As we get into retirement age, some of us note the bad karma of some of our personal consumption behaviors.  We won’t be around when “The Purification” comes, but other people’s children will be.  Sustainability has to remain a fundamental moral objective.

“Here we have some fossils who want to tax fossil fuels”.  Will the rebate go to everyone (which the GOP wants) or only to poor people?

There is another perspective to add to this.  While we want to save people’s jobs, and these include coal miners’, we have to realize that sustainability always means developing a workforce with newer skills – in this case, developing and manufacturing the hardware associated with renewable energy.  That’s also essential for power grid security, as I’ve discussed here before.

On Trump’s use of coal miners as part of his base, it’s also worthy of note that strip mining and mountaintop removal, while degrading the environment (in areas like southern West Virginia) certainly tends to employ fewer people over time.

Op-ed by Robert Samuelson Feb. 20, 2017 on the carbon tax in the Washington Post.

Site with pictures of Kayford Mine in West Virginia.

(Posted: Tuesday, February 21, 2017 at 3:30 PM EST)

Update:  Feb. 26:

Here is a Cato Institute paper “The Case Against the Carbon Tax” by Robert Murphy et al.

Trump has pitched the virtues of living “locally” at his “thank you” rallies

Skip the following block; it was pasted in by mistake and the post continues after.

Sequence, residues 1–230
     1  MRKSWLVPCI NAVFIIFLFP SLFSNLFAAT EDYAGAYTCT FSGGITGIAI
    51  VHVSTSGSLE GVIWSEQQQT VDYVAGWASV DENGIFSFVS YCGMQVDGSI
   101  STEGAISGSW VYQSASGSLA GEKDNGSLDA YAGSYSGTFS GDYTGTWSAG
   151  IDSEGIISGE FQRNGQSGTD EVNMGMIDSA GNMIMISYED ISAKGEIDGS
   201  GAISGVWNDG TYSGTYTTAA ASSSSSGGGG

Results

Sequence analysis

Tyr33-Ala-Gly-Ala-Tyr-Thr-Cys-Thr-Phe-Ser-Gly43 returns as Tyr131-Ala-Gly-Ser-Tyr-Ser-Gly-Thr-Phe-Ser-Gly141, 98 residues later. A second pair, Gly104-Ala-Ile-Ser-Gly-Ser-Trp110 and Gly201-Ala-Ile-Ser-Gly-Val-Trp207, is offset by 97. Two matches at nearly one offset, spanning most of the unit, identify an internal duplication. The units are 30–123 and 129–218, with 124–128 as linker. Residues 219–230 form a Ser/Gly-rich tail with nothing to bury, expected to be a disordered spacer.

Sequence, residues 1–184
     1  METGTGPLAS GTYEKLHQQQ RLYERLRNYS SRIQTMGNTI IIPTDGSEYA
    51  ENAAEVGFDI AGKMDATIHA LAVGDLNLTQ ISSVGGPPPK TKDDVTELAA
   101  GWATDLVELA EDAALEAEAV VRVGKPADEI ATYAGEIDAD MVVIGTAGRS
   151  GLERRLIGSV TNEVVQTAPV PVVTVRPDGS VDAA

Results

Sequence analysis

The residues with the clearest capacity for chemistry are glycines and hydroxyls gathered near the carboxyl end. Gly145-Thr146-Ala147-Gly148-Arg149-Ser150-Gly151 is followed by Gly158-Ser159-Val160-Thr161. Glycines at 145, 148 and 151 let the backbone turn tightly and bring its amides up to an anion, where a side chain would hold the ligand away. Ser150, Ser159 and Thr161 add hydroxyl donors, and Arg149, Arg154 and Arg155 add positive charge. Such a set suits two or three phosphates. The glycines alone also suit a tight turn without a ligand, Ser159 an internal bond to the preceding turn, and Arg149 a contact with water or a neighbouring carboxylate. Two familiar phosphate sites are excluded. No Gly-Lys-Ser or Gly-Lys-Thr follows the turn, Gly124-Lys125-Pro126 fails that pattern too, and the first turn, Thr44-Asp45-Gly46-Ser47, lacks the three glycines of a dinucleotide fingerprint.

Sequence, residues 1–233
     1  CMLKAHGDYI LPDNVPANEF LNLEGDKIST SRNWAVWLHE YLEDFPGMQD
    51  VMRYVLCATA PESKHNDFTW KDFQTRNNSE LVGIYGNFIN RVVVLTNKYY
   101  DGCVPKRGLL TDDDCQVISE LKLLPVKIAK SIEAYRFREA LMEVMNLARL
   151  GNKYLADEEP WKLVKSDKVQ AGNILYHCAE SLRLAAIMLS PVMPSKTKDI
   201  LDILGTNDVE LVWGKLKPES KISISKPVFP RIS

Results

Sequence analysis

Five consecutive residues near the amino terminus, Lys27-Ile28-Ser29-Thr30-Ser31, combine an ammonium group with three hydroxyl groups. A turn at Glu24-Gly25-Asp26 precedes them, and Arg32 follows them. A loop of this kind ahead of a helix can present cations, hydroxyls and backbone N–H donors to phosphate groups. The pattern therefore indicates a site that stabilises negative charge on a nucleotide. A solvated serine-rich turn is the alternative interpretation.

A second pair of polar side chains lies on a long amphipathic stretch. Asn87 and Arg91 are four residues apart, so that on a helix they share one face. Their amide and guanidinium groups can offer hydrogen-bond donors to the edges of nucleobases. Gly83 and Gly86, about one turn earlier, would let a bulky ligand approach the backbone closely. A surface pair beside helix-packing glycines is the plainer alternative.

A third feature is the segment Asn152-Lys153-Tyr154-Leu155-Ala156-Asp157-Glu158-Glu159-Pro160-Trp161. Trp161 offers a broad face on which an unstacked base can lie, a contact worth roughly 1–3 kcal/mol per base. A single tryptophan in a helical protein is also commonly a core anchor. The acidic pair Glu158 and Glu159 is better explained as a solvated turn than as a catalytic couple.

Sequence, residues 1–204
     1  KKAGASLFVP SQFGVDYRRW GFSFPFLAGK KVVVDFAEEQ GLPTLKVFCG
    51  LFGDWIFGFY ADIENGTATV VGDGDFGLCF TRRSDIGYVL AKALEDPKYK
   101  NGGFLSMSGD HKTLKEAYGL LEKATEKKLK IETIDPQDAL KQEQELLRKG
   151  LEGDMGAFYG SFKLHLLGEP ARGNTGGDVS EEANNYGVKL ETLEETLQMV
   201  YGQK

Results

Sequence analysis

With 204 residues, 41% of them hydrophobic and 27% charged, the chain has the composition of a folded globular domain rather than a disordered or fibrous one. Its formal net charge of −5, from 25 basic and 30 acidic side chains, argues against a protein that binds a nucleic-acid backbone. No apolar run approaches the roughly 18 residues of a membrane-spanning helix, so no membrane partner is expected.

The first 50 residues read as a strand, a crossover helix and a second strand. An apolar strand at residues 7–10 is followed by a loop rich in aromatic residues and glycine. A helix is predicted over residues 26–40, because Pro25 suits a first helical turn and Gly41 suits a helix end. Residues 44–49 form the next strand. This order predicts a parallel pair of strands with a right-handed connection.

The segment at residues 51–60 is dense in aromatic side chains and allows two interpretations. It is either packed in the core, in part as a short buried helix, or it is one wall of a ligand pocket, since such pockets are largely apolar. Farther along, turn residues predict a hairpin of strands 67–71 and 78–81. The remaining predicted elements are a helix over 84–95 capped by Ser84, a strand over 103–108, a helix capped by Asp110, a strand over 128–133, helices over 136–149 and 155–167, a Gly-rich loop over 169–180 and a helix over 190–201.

One of the points Donald Trump tried to move his crowd with at a “thank you” rally in Ohio was the idea that people want to live locally and take care of their own business locally, and that people should live relationally and locally.  That goes along with his more recent speculative comment (in relation to Russian hacking of both major political parties) that “no computer is safe.”

That sounds like a potential, anti-intellectual anathema for someone like me, who likes to play the role of global observer, a sort of alien anthropologist which Mark Zuckerberg has become much more successfully than I did – but I had first helped forge “a path ahead” in the 90s.  Indeed, in the LGBT community there is a certain sort of cosmopolitan gay male who seems himself this way – Milo Yiannopoulos, the quintessential bad boy, anticipated by “bad boy” Shane Lyons’s character (played by Timo Descamps) in the now classic sci-fi fantasy “Judas Kiss”, linking modern world values to the ironic moral problems associated with the notorious Biblical character’s betrayal of Jesus (as in the CNN series “Finding Jesus”). In the “straight” world (again, ironically), people have perceived celebrities like Matt Damon and Ben Affleck, and punk-master Ashton Kutcher this way.  (Any one of these three would have been fit to be president now.)

Local values have played out in different ways.  Back in the 70s and 80s, people were moving to the suburbs, and companies followed them from the cities, to provide safer and more segregated lives for their “families”. This was bad for a singleton like me, who needed geographical mobility as a kind of “power” (and in my case, in the early 70s, to “come out”).  Now, the genie is instant self-broadcast in public mode online, influencing “strangers”.